Floral designer Klaus Wagener is fascinated by the anthurium’s versatility. Design and trends are his business.He has been involved in translating the latest lifestyle developments into contemporary floral arrangements for years, and is the only designer to have won the florists’ World Championship for Germany. His books and magazines, published by BLOOM’s, inspire florists and lovers of design around the world and lead the field when it comes to floral beautification.

Anthuriums come to life

In his unending quest for the new answers that flowers and plants can provide for a lifestyle which is always a little different, this impassioned designer has found inspiration from the many types of anthurium. The excellent results which growers have achieved in this field in recent years have inspired Wagener in a remarkable way. “Enormous changes have taken place with regard to anthuriums in recent years, and that’s precisely the way to bring this amazing range to life.”

Eye-catching and rugged

In a classic setting the anthurium projects so much elegant and enigmatic charm that almost no other plant can beat it. “With its eye-catching red, purple or white flowers the anthurium is better than any other plant for providing colourful accents which often set the mood, while simultaneously having a rugged look – whether it’s in a private home or within the project sector,” believes the German floral designer. “I have therefore referred to the anthurium extensively in my book Architektur und Pflanze.”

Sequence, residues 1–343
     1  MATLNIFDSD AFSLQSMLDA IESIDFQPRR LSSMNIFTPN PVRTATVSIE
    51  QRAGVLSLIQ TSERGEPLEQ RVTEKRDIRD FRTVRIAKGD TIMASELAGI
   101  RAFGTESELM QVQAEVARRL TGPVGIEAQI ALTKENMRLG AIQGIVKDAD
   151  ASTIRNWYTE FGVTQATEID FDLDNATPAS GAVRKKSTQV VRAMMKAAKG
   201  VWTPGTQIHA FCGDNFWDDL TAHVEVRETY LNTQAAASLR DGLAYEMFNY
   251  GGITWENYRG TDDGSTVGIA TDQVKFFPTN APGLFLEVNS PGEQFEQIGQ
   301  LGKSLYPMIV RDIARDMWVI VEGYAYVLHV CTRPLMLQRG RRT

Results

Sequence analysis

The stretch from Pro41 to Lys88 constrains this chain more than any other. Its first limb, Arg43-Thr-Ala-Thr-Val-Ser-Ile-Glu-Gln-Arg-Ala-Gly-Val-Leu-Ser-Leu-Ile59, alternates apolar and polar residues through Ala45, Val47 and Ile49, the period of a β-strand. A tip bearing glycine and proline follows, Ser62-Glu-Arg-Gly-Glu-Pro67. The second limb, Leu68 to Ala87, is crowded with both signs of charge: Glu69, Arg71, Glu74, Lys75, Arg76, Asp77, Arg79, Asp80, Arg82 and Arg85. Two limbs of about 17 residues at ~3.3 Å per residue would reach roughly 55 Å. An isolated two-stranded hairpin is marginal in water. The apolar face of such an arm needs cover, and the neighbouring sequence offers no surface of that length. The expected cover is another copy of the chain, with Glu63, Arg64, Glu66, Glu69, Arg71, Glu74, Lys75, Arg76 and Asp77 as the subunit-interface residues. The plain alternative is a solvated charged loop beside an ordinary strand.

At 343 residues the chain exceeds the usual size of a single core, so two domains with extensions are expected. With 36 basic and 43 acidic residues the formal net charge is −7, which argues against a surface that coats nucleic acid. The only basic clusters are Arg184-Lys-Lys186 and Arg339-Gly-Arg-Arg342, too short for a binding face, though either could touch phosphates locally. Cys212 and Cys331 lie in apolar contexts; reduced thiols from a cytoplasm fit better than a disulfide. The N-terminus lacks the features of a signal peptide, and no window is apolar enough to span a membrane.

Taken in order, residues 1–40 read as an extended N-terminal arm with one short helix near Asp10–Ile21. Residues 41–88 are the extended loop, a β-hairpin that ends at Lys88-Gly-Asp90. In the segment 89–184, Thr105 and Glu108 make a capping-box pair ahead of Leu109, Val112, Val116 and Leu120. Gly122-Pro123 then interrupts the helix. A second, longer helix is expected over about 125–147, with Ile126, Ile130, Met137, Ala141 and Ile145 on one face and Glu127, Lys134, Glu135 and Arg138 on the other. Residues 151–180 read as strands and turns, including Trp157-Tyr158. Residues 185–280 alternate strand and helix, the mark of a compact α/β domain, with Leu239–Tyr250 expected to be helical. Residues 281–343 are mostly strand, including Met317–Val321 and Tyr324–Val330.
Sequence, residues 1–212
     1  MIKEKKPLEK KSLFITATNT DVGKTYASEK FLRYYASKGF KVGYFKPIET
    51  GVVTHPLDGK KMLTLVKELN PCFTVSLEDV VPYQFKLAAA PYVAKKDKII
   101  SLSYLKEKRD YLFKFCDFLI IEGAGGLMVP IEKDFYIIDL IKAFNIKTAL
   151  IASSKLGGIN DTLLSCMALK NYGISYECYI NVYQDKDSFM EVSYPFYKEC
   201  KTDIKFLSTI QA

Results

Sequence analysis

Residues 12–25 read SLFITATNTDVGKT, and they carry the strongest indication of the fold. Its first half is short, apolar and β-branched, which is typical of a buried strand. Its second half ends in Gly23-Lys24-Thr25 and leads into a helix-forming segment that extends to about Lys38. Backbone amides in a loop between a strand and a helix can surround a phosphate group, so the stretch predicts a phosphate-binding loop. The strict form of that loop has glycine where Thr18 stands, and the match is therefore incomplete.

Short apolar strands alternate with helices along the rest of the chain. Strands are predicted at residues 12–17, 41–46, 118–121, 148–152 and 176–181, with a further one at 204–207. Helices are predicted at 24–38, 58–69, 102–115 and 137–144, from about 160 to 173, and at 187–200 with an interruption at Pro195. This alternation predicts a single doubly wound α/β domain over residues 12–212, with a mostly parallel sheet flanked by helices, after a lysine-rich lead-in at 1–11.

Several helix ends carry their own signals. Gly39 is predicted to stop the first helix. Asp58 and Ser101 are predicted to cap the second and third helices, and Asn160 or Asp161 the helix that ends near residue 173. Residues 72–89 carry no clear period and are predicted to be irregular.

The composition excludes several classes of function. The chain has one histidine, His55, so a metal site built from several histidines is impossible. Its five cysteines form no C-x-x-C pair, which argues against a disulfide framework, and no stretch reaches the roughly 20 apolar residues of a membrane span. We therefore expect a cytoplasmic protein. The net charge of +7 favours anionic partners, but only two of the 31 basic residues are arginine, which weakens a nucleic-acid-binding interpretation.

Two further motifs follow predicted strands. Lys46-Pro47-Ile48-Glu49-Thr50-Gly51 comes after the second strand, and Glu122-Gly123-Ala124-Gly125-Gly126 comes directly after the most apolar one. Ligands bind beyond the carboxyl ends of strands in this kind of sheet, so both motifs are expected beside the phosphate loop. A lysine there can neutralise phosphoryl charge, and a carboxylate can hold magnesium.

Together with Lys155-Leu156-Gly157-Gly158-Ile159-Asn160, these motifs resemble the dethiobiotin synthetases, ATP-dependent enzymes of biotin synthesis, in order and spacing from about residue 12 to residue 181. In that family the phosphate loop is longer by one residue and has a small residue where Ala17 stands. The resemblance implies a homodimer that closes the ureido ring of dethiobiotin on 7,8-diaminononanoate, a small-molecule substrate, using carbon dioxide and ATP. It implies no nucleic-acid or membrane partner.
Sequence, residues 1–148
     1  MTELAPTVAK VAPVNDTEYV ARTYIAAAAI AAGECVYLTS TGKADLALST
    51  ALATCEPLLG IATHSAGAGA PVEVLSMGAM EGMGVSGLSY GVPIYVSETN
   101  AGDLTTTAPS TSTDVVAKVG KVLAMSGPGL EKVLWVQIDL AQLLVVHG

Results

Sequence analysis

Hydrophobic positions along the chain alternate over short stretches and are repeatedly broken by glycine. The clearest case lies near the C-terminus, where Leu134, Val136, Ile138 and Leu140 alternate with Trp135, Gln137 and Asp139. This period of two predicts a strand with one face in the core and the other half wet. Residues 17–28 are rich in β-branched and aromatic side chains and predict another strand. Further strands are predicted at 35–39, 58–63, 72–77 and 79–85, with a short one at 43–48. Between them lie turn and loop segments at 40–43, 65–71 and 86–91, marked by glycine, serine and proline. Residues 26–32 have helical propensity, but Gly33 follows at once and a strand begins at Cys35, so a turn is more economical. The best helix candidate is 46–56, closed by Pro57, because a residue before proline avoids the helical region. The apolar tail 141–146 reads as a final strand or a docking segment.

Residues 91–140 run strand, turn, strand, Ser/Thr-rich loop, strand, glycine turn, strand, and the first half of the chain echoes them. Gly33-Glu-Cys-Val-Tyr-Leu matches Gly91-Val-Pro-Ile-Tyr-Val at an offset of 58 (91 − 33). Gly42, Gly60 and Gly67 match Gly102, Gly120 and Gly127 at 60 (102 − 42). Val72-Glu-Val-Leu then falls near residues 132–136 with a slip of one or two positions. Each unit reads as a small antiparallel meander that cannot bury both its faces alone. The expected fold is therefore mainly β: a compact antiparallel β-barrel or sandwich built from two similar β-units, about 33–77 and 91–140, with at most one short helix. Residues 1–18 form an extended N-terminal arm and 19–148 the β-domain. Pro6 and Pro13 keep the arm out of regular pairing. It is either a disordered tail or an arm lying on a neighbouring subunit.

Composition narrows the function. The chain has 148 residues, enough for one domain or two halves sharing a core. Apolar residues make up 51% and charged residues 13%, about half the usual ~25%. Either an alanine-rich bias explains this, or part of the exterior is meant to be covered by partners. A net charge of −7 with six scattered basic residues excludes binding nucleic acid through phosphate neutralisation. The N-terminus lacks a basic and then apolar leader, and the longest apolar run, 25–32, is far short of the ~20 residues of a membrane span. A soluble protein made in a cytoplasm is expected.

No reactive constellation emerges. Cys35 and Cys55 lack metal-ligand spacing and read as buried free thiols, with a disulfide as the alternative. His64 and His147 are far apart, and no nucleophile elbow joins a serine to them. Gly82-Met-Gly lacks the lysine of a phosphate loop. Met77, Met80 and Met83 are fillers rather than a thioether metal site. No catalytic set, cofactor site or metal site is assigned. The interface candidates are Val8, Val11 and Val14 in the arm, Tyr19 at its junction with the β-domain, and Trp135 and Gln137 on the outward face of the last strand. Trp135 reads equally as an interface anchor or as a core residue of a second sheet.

Easy and relaxed

The rich colour palette of the various anthurium types mean that it has also become a perfect plant for family life. It’s easy and relaxed as it enhances the kitchen, the living room or the bathroom. Wagener feels it is particularly the attractive small-flowered varieties which provide new opportunities in design. They fit into any setting, have a long lifespan and are easy to look after. The white, pink and purple tones in particular are thereby perfectly displayed.

Revival of the Anthurium

The floral design also sees great potential for the anthurium in the context of the current retro-trends. In a world which is perceived as frantic and rushed, it is increasingly the ‘old’ values and products which provide some sort of foothold. As a popular plant with the typical look of the 50s, 60s and 70s the anthurium thereby also provide the inspiration for new, distinctive styling ideas for a young target group. “It’s a cult product,” says Wagener. “Something that represents tradition on the one hand is also becoming avant-garde again on the other hand. I believe the anthurium is a genuine rediscovery, with great potential for innovation!”